Regardless of whether the stand-alone assistant devices can call 911, increasingly every cell phone is getting the same voice-activated features baked into them. If the story from the sheriff's was that a phone essentially "butt dialed" them, I don't think anyone would have doubted it.

So maybe the mission creeping future the Wired author speculates about is actually closer than she thinks (?).

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World's collide! I was surprised to see Radhika Nagpal's name pop up in a blog post by Melissa A. Wilson Sayres! I know both of these people -- they both do very exciting things, but they do very different things. I think it's great to have these two perspectives on tenure-track lives next to each other. Both are good reads.

Radhika's original blog post ("The Awesomest 7-Year Postdoc" (+Dr. Strangelove ref)):

Melissa's reflection after 3 years on the tenure track ("Not the awesomest 7-Year postdoc"):

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Hold on to your butts. Backpropagation (and thus CNN's) comes to IBM's TrueNorth. Deep learning meets fast, energy-efficient, neuromorphic hardware.

Popular media:

Primary source:

"Convolutional networks for fast, energy-efficient neuromorphic computing"
by Esser et al.
PNAS USA (2017), 113(41):11441–11446

Deep networks are now able to achieve human-level performance on a broad spectrum of recognition tasks. Independently, neuromorphic computing has now demonstrated unprecedented energy-efficiency through a new chip architecture based on spiking neurons, low precision synapses, and a scalable communication network. Here, we demonstrate that neuromorphic computing, despite its novel architectural primitives, can implement deep convolution networks that (i) approach state-of-the-art classification accuracy across eight standard datasets encompassing vision and speech, (ii) perform inference while preserving the hardware’s underlying energy-efficiency and high throughput, running on the aforementioned datasets at between 1,200 and 2,600 frames/s and using between 25 and 275 mW (effectively >6,000 frames/s per Watt), and (iii) can be specified and trained using backpropagation with the same ease-of-use as contemporary deep learning. This approach allows the algorithmic power of deep learning to be merged with the efficiency of neuromorphic processors, bringing the promise of embedded, intelligent, brain-inspired computing one step closer.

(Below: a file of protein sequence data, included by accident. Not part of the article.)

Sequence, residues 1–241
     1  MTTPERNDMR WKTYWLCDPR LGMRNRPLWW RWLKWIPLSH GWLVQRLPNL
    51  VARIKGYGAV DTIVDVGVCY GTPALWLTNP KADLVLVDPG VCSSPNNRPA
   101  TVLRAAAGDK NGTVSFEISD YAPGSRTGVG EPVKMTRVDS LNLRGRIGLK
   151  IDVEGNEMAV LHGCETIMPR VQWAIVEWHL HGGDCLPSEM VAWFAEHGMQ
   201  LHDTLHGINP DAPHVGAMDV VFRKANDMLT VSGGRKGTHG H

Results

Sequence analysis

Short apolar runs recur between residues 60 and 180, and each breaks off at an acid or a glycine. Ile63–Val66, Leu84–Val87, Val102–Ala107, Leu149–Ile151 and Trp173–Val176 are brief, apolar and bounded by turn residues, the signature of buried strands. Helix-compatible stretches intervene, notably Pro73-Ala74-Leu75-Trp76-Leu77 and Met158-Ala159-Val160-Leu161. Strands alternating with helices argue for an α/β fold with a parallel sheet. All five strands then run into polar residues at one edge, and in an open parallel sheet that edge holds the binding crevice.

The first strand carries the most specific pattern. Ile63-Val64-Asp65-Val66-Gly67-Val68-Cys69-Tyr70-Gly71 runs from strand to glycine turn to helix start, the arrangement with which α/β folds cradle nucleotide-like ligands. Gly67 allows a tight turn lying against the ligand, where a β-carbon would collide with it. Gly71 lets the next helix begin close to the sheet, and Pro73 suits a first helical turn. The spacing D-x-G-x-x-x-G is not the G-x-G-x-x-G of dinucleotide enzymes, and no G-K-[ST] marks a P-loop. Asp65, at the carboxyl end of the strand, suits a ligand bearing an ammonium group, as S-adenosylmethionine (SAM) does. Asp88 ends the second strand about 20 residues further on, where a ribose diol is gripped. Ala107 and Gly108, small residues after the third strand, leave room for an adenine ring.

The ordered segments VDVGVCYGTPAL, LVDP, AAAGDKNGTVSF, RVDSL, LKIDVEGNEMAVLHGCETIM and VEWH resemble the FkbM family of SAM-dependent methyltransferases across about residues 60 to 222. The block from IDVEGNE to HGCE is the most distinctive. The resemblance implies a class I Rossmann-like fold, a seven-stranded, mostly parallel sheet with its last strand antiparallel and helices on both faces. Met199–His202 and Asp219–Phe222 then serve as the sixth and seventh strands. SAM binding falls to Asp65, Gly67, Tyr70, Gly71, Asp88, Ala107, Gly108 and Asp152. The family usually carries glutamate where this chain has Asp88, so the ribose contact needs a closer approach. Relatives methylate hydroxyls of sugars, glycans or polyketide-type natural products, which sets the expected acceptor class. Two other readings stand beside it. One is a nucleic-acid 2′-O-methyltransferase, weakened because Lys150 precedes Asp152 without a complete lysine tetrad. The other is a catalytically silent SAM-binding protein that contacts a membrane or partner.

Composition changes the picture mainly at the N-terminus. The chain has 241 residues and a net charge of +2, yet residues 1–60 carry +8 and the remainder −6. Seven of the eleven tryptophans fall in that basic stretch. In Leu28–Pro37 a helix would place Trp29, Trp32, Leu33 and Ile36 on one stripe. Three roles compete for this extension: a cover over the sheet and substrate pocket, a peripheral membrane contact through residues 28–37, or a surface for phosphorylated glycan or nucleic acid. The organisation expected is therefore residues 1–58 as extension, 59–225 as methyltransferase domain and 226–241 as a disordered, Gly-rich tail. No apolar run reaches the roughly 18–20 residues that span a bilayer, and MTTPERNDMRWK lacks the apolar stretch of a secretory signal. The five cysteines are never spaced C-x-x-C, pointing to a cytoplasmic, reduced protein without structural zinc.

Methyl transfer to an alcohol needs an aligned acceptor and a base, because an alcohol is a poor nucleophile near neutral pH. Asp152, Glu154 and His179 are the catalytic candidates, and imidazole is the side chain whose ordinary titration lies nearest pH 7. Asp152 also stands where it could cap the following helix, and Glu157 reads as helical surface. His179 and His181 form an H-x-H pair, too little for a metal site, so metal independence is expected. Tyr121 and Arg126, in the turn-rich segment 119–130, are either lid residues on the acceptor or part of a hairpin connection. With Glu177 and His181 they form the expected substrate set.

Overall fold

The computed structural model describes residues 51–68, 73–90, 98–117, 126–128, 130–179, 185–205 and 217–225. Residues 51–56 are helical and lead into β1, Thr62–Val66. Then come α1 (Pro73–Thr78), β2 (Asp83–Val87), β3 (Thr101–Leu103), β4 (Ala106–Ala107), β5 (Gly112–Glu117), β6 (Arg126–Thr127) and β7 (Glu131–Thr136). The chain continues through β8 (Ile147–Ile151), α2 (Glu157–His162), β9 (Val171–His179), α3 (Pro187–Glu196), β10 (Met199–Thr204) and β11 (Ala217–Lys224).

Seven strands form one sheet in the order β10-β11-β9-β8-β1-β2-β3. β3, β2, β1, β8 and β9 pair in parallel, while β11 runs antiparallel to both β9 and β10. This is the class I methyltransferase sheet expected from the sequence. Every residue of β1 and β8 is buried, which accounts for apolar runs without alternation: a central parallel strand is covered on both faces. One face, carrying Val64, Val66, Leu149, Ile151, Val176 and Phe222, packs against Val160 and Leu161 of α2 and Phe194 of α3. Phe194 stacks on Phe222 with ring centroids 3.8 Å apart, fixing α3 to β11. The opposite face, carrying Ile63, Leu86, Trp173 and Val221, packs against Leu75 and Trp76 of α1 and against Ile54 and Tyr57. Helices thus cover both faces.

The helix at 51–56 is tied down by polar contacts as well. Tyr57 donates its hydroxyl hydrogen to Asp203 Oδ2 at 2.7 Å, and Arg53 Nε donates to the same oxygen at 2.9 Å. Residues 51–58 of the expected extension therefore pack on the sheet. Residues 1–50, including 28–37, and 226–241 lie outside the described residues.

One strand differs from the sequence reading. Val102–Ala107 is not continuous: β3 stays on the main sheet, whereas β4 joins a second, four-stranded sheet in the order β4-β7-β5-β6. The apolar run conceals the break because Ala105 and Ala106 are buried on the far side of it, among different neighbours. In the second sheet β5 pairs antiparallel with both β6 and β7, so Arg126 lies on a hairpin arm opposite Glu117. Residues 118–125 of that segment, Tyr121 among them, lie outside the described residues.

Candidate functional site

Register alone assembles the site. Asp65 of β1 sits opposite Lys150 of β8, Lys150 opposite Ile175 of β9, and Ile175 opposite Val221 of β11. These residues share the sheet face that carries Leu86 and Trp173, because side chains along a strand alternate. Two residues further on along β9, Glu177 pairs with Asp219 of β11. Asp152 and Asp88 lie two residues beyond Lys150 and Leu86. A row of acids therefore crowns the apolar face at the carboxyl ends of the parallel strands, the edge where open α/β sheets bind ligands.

Brain-inspired computing seeks to develop new technologies that solve real-world problems while remaining grounded in the physical requirements of energy, speed, and size. Meeting these challenges requires high-performing algorithms that are capable of running on efficient hardware. Here, we adapt deep convolutional neural networks, which are today’s state-of-the-art approach for machine perception in many domains, to perform classification tasks on neuromorphic hardware, which is today’s most efficient platform for running neural networks. Using our approach, we demonstrate near state-of-the-art accuracy on eight datasets, while running at between 1,200 and 2,600 frames/s and using between 25 and 275 mW.

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Very sad news.